BI tools like Sisense, Tableau, Looker, and others radically reduce the time it takes to build, embed, and deploy intelligent analytics, whether it’s in the form of self-service analytics dashboards or white-labelled BI apps. Sisense’s Boto solution, for one, allows executives and line-of-business users to upload new data resources to their accounts using Slack, Skype or Messenger, and the software takes care of the rest, mapping out all the connections and getting everything ready for custom querying using NLP.

What’s more, these platforms will provide faster and less biased analyses, without requiring any special skills, training, or data expertise. Instead of the current manual approaches such as building different models or algorithms to uncover relevant findings, users will be in a position to enjoy more self-service and automation thanks to augmented analytics.

Augmented data management

Following in the same footsteps, augmented data management will rise in importance within organisations. Due to ML and AI developments, information management will be automated on a service level, leaving highly skilled technical users to focus on more important and higher-value matters. In addition, less technically skilled users will be more autonomous in how they use data.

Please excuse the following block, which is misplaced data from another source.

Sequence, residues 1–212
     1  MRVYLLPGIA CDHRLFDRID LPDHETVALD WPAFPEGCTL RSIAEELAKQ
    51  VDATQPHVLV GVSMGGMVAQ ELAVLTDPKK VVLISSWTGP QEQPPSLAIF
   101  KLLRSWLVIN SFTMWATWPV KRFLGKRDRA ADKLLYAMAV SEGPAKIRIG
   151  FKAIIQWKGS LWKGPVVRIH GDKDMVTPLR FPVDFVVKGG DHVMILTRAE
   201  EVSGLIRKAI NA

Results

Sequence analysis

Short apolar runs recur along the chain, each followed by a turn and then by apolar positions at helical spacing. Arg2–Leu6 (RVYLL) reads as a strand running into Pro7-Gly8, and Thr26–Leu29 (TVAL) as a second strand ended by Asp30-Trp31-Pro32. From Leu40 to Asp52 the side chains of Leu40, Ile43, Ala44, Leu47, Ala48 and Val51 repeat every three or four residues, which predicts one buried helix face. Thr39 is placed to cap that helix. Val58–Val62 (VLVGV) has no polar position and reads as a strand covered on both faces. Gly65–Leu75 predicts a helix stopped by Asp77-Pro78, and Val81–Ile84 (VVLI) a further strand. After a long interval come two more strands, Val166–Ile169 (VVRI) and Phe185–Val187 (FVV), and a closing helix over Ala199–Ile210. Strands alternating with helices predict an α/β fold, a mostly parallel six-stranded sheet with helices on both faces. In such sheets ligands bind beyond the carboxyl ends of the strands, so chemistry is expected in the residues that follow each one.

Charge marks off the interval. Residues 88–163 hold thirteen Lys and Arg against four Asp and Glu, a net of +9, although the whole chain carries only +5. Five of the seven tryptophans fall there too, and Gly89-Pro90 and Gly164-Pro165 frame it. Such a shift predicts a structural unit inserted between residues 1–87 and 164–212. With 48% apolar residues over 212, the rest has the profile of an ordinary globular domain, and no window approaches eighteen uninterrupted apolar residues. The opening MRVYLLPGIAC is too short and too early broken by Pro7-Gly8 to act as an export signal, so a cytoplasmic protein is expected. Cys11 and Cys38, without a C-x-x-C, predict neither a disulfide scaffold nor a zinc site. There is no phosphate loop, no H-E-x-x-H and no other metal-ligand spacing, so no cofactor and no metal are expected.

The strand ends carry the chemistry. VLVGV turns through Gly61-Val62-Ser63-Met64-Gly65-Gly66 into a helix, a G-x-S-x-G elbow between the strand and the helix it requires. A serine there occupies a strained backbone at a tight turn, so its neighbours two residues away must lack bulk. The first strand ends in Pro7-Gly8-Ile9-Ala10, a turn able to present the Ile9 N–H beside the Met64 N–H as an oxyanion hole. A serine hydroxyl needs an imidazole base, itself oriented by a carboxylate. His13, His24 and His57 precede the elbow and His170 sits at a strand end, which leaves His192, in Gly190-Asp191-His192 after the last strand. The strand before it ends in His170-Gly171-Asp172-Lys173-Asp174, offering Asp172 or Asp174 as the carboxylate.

Implementing augmented data management will assist companies in organising and maintaining data quality and integrity by making sure it’s accurate, complete, and consistent. Instead of spending most of their time in data wrangling, data scientists will enjoy a decrease in data cleaning activities and in turn, increase the productivity of their organisations.

As such, the promise of a significant reduction in manual data management tasks will entice companies to delve deeper into business intelligence.

Predictive analytics

It’s no secret that business agility is one of the most sought-after characteristics today. The demand for more fluid infrastructure puts analytics once more in the centre of attention, especially if the term “predictive” comes along with it.

In relation to the ongoing digital transformation and current operations and equipment, predictive analytics will provide businesses a competitive advantage. IBM’s SPSS Statistics and SAS Advanced Analytics are a couple of examples of software solutions that boost production and operational efficiency by extracting information and utilising it to predict various trends and customer behaviour patterns.